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The remains of 300 small 13th-century Sinagua cliff dwellings can be seen in the undercut layers of limestone in this 400-foot-deep wooded canyon east of Flagstaff. These cliff dwellings, though not nearly as impressive as the ruins at Montezuma Castle National Monument (50 miles to the south) or Wupatki National Monument (20 miles to the north), are worth a visit for the chance to poke around inside the well-preserved rooms, which were well protected from the elements (and from enemies). The Sinagua were the same people who built and then abandoned the stone pueblos in Wupatki National Monument, and it is theorized that when the land to the north lost its fertility, the Sinagua began migrating southward, settling for 150 years in Walnut Canyon.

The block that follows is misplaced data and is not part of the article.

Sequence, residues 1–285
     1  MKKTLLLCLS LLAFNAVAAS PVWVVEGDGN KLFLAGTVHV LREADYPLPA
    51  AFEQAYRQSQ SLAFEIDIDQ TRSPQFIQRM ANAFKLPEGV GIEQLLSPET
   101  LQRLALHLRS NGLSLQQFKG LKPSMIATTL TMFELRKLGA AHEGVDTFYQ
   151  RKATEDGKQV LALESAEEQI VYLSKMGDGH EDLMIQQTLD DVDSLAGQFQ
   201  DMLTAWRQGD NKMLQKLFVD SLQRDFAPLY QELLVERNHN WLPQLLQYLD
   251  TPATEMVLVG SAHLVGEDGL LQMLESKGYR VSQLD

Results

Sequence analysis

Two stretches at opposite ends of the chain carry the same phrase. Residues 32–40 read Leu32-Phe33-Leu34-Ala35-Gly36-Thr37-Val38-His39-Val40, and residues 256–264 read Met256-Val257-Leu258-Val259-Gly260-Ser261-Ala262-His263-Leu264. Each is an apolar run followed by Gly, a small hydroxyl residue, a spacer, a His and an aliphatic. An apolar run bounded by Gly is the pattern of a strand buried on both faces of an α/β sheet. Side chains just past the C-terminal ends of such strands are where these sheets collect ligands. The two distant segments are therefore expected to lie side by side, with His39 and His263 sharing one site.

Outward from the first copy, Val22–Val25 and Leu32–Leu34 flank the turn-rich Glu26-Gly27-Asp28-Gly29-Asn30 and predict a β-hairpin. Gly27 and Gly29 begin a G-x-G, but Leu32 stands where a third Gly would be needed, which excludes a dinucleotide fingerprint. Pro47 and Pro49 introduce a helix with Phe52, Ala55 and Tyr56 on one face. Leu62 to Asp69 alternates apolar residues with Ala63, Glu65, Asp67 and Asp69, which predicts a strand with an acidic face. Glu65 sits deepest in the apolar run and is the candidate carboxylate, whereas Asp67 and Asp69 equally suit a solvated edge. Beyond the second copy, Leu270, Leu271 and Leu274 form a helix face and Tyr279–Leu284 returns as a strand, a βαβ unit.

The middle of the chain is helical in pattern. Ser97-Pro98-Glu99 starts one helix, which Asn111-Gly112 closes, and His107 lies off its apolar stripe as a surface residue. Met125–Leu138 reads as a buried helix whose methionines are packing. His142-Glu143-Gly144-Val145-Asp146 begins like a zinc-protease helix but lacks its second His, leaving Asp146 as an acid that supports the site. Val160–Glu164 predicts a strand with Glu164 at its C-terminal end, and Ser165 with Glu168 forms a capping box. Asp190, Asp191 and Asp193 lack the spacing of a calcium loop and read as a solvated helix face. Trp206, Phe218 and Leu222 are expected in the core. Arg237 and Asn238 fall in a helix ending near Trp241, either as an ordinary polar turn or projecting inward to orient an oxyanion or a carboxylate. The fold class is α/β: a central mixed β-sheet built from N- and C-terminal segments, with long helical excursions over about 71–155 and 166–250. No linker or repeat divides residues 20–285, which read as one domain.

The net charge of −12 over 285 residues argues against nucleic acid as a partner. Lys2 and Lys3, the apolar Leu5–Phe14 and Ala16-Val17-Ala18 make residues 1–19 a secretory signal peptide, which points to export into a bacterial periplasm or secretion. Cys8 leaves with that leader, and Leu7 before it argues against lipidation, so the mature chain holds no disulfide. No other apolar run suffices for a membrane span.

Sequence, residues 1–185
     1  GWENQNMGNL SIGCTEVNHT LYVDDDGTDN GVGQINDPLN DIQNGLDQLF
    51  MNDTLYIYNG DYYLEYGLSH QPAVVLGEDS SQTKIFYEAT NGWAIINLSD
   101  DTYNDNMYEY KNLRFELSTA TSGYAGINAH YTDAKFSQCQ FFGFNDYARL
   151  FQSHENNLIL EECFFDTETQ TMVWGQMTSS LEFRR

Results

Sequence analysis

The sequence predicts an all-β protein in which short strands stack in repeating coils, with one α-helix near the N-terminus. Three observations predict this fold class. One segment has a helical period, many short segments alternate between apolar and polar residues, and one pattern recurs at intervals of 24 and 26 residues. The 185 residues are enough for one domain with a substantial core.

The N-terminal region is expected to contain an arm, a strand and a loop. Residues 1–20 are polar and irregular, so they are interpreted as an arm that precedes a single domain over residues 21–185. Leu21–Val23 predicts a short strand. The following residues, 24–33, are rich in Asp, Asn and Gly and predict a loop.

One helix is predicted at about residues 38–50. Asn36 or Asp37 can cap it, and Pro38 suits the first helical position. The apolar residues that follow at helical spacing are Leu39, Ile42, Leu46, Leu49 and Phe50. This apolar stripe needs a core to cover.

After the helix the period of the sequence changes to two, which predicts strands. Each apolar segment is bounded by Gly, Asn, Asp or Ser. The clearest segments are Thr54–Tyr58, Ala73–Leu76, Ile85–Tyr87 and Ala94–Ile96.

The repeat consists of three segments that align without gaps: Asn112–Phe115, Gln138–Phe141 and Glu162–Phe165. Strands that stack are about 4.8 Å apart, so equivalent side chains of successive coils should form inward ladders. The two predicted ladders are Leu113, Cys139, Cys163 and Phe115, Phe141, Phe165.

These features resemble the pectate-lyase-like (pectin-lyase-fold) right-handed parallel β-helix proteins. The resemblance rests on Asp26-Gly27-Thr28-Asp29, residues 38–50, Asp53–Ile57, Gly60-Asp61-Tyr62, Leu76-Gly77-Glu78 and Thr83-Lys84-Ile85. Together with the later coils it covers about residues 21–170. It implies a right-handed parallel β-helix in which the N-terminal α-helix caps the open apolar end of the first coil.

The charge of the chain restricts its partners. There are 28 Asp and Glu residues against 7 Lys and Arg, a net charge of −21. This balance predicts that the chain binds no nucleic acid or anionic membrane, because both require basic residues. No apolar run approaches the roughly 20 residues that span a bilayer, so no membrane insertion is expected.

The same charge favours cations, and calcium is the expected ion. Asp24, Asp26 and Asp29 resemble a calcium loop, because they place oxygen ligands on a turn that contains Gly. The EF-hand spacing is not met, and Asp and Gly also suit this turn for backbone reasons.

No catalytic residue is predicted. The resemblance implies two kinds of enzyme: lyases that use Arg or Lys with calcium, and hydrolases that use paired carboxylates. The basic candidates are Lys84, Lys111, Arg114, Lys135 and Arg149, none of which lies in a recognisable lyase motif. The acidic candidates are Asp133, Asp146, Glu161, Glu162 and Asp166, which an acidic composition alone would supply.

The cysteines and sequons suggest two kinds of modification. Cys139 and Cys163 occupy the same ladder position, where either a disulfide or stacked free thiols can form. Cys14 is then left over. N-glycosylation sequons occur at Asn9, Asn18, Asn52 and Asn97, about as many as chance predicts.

A self-guided trail leads from the visitor center on the canyon rim down 185 feet to a section of the canyon wall where 25 cliff dwellings can be viewed up close (some can even be entered). Bring binoculars so that you can scan the canyon walls for other cliff dwellings. From Memorial Day to Labor Day twice a month, on the first and last Saturday, there are guided hikes into the monument's backcountry (reservations required). There's also a picnic area near the visitor center.